Hilly Hundred Moderate Hills – How To Approach?

Wednesday, September 21, 2011 by Linda Hardcastle
Moderate hills requiring patience and a smooth steady effort. The most common hills on the Hilly Hundred Weekend routes are considered to be “moderate” hills, requiring 2-4 minutes to crest. (Short hills were covered here) How should you approach these – sit or stand? It is actually more efficient to sit for the majority of this climb, since you expend about 10-12% more energy when you stand. However, you will want to break this moderate climb up with occasional stands. This allows you to recruit differing muscle groups (thus warding off fatigue) as well as maintaining your momentum. Since you will be encountering plenty of moderate hill climbs on Hilly 100, below is a detailed explanation of how to approach these hills.

Momentum is the key to a successful hill climb. Get your momentum up from the start and try to maintain it throughout. This steady momentum translates into an even cadence of perhaps 70-80 rpm.

As you approach your hill, go into attack mode in order to get your momentum up. Hold this as long you comfortably can, but as your cadence begins to fall, shift into an easier gear.

Now is the time to settle into position. Scoot back on your saddle to maximize recruitment of your powerful hams and glutes. Keep your upper body still and hands relaxed on top of the handlebars. Try not to waste any energy.

When momentum begins to decline, or fatigue sets in – take a break by popping up. This not only gives your primary muscle groups a break but also gets that cadence back up. Rock comfortably about six inches from side to side. You may or may not need to shift up first – depending on the steepness of the grade. Once momentum has been regained, sit back down and resume your rhythm. (If the hill is too steep for you to stand, you can also scoot forward on the saddle to get those revolutions up).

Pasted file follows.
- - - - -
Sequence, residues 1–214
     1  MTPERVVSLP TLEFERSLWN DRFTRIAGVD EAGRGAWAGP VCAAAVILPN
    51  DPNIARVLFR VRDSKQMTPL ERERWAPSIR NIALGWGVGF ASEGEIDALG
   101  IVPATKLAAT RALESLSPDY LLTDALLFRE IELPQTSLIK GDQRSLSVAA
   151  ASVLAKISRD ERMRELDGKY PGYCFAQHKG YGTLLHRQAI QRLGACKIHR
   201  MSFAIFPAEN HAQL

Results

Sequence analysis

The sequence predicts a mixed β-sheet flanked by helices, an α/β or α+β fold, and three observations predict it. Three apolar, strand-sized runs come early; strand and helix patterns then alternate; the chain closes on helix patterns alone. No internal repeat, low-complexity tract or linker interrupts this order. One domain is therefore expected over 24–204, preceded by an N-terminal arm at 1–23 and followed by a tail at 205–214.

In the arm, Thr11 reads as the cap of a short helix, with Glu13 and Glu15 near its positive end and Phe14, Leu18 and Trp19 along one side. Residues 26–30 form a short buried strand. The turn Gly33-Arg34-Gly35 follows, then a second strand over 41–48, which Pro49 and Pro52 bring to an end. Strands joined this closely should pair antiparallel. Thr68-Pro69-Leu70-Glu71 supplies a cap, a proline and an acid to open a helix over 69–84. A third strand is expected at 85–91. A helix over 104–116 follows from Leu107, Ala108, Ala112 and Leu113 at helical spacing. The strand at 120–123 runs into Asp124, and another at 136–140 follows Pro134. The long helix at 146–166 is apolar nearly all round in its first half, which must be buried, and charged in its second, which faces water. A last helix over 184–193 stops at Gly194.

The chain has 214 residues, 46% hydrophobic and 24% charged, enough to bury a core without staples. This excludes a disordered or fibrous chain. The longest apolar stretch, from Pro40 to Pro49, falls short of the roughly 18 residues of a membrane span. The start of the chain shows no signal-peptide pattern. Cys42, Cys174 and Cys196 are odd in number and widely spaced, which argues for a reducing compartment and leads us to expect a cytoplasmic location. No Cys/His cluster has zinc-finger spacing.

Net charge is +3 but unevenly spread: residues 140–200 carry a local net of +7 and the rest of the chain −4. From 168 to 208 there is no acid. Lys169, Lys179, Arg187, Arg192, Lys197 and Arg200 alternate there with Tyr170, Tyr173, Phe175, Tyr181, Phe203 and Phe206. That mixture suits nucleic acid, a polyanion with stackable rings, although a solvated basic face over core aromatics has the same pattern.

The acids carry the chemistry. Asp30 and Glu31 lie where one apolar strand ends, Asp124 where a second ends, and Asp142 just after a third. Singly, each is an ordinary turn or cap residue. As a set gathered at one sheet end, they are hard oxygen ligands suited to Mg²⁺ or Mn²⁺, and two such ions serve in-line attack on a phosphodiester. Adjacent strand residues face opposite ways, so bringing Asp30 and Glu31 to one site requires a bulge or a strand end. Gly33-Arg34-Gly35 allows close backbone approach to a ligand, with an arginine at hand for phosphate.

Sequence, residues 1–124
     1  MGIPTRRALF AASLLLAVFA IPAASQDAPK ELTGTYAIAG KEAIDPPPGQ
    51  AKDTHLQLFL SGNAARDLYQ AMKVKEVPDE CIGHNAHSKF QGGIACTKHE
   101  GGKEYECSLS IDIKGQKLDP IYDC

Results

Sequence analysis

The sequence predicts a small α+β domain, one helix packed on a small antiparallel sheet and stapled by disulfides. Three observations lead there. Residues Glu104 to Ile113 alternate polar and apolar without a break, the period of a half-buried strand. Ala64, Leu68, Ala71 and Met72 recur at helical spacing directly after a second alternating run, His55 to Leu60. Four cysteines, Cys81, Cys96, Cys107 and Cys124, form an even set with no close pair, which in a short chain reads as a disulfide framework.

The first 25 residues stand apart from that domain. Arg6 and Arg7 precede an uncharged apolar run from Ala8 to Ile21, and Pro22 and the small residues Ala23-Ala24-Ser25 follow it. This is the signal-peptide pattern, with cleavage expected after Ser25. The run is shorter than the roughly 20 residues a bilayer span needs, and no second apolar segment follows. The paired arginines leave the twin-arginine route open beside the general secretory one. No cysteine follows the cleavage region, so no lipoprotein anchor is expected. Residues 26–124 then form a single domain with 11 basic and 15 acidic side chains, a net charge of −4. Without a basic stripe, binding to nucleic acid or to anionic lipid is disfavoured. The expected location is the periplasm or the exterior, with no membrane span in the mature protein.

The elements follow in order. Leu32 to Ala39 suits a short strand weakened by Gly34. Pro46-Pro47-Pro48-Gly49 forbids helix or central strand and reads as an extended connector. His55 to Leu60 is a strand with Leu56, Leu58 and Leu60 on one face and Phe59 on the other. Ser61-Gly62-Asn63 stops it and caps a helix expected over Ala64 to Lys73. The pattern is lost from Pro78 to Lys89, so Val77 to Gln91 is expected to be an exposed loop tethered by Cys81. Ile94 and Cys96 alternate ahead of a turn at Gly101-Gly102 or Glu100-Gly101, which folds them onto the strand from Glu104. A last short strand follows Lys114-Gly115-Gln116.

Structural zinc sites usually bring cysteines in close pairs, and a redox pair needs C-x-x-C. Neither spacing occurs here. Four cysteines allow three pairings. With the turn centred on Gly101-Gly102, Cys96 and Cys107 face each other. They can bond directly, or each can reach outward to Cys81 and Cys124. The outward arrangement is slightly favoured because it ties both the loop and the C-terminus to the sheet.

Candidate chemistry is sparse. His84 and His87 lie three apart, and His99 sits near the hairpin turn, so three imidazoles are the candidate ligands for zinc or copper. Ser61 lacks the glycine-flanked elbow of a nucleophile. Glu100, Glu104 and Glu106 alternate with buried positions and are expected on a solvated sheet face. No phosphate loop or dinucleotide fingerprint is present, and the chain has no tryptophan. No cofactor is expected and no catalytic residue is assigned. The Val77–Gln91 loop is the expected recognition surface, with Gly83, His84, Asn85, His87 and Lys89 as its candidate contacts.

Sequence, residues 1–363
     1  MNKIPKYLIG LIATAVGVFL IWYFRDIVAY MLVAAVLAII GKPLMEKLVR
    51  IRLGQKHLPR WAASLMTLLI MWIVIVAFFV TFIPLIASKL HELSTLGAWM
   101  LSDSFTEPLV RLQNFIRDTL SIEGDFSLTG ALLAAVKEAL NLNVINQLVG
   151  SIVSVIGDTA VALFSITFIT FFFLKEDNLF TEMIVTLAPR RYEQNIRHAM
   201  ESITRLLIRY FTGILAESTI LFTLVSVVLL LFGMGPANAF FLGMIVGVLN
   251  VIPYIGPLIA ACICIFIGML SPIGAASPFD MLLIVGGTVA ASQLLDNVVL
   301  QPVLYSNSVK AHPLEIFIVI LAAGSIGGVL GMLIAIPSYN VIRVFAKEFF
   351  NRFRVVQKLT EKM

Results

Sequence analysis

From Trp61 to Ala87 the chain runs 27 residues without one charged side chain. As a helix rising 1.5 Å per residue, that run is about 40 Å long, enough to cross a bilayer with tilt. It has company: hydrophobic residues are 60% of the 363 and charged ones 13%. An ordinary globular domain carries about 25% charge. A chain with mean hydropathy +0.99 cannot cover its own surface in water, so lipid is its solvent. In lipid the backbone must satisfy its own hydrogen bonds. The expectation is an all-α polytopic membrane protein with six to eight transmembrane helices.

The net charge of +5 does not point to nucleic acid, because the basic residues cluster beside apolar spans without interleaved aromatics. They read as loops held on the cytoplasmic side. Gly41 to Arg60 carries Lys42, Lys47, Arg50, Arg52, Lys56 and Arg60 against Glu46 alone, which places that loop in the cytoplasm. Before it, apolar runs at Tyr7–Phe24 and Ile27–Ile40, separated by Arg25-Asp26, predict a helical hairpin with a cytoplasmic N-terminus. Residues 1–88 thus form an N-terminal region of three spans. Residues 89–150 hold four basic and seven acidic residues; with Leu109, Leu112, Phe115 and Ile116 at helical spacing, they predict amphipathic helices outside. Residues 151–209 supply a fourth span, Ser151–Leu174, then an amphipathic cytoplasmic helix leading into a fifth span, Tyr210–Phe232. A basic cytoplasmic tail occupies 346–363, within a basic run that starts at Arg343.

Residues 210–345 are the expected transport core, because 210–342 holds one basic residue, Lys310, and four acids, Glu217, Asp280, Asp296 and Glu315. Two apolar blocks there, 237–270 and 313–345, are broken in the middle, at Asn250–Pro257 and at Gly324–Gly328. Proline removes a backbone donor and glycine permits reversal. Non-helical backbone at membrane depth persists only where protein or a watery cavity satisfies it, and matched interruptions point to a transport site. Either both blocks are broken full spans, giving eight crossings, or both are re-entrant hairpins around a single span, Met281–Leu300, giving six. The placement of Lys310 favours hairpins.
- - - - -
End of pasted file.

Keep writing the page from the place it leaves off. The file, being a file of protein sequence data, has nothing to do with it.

A final note about the crest of the hill. Many riders lose their focus in the top 20% of the climb, letting cadence fall dramatically. Don’t let this happen. Focus on maintaining that strong, even cadence all the way up and over the top.

So the trick with many of your Hilly Hundred hills will be to maintain a strong, even cadence throughout. Stay back on the saddle and drop into a comfortable rhythm. Occasionally pop up (or scoot forward), but then settle back into your rhythm. And SMILE on the way down the other side! You’ve earned it.

Visit the Bicycle Garage Indy Hilly Hundred Resource Page for more tips and links.

Leave a Reply

Your email address will not be published. Required fields are marked *